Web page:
drop.io Upload files (images, PowerPoints, word docs etc...) The beauty is that you can phone it in, fax it, email it, text it, upload it, and share it. The site also allows you to do a full podcast for free, as well as provides a conference bridge. There are many different views in the settings, and drop.io provides you a chat box if you have friends on the site. You can use it to post assignments to your students and they can chat with you about the assignment. You can podcast through this site via a phone, and like the others on this list, it too, is totally free.
JayCut provides you with a full videobrowzer editor. Upload media, drag and drop into the video tab, and you can cut/edit. You can add images and JayCut has all your transitions, overlaps, effects, and titles. Audio is simple with a drag and drop. How do you get it out of JayCut? Download it or simply copy the embed code. Another bonus is unlimited capacity.

Edmodo, a private communication system built for teachers and students to share notes, links, and files.

Would you like to be able to easily poll your students, but don't want to spend money on a Classroom Response System? Try having students use their phone to text you their response. Poll Everywhere allows for 30 votes per poll for free. Set up many polls, download it as a PowerPoint, and as the results come in the slideshow will update. You can then copy, cut, and paste the results into anything. If you do want to do it in mass, they do have school versions for purchase. If every student doesn't have a cell phone, they can share their response via the computer. Just make sure that students have text coverage to make it a practical application in your classroom.

xtra normal: Text-to-speed moviemaking. Students can write a script and create a movie set. They can change the scene, the background, and the language. They can add animation. The only drawback is that when they finish the video must render. It gives you an embed code or can be published to youtube.
Livestream Allows a live free broadcast.

Prezi, a presentation tool that is much more intuitive than PowerPoint. No borders and slides. Simply add your links and talking points to this non-linear presentation and easily navigate to access information. To check out Steve's presentation from this session visit http://prezi.com/117545/.

Monday, June 29, 2009

VideoPodcast Your Way To Measurable Results

Would your teachers benefit from more class time? Is mastery really possible? Can differentiation effectively occur in today’s classroom? Jonathan Bergmann and Aaron Sams say, “Absolutely!” As high school chemistry teachers, they recognized that students were ineffective note-takers and often struggled to complete homework independently. When the students got stuck at night, they would call a friend, give up, or cheat to make their way through an assignment. This led to gaps in student understanding which interfered with later learning.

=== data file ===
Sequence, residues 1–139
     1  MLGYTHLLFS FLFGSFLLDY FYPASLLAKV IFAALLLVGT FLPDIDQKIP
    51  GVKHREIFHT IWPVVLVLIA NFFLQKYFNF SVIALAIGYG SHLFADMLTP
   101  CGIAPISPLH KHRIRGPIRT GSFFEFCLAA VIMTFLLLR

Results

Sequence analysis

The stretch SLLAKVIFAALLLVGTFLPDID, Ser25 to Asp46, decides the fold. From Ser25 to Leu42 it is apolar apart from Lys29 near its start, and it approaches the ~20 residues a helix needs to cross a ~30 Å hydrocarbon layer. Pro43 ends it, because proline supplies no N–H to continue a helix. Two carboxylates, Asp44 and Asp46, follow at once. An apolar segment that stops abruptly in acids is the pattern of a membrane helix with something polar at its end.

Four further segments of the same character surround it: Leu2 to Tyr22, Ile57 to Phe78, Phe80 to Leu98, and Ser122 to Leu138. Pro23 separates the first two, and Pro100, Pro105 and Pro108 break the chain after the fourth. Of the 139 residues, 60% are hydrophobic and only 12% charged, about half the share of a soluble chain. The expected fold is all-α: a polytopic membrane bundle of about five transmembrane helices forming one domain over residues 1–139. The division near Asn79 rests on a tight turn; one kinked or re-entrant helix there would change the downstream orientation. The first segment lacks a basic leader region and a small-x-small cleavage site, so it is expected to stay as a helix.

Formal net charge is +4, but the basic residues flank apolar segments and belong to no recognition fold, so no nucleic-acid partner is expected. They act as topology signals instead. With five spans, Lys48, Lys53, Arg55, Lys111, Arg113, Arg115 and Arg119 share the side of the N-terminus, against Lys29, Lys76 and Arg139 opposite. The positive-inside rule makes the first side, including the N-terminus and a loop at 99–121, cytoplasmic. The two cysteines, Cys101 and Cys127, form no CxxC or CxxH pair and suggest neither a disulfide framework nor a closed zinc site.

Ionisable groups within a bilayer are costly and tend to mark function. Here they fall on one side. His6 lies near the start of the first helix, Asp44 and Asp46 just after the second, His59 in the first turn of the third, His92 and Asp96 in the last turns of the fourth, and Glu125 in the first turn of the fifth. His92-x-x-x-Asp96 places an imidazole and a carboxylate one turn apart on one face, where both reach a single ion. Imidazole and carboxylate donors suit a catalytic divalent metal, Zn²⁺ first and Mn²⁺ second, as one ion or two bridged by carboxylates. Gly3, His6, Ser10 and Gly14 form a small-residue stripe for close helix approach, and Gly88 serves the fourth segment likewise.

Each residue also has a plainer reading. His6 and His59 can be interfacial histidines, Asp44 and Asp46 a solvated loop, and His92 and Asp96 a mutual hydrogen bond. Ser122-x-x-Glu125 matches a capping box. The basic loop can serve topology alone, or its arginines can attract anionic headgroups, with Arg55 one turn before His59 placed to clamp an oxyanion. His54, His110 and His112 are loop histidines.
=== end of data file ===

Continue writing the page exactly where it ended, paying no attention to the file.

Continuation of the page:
This dynamic duo decided to begin vodcasting some of their lectures that were part of their regular class time to make them accessible to students at night and for review. After the first year, they reflected on the project and asked, “What does a kid really need from their teacher?” They decided that most kids needed interaction with the teacher when they are trying to process and understand the information, during homework time and not for the content of lectures. They needed to be able to ask questions and have them answered on the spot.

Upon reflection, they decided in Year 2 to pre-vodcast every lesson, and make the lecture part of their instruction the homework. Students needed to watch the vodcast and come to class prepared to apply their learning. Just imagine how much class time the teacher got back to actually dialogue with students about their learning, help them conduct their labs, and give them feedback on their assignments and assessments. Class time had value. The teacher was now meeting with every kid every day. One student asked, “Why are you making us do all the work?”

Not surprisingly, by the end of Year 2, Bergmann and Sams had extra time on their hands, because students were moving more rapidly through the content and mastering it. Happily, the two teachers knew that they could now cover more content and in greater depth. Additionally, they had collected assessment data to prove this project was creating student learning gains. Pre-vodcast students with lower math scores performed as well as non-vodcast students with higher math scores from previous years. They also polled students and parents and discovered that the feedback was good, and there were not as many Ds and Fs in AP Chemistry. Kids showed up to class to work and learn.

In Year 3, Bergmann and Sams took it to a whole new level-Mastery Learning. Students began self-paced learning- (sort of). The teachers set up benchmarks during the year, but basically students worked through the Units of Study at their own readiness pace. When they got to the end of a unit, they took an assessment, if they scored 75% or better, they moved on to the next unit, if not, they had to go back and redo the unit. Students progressed as they mastered the content. (Now that's a novel idea!)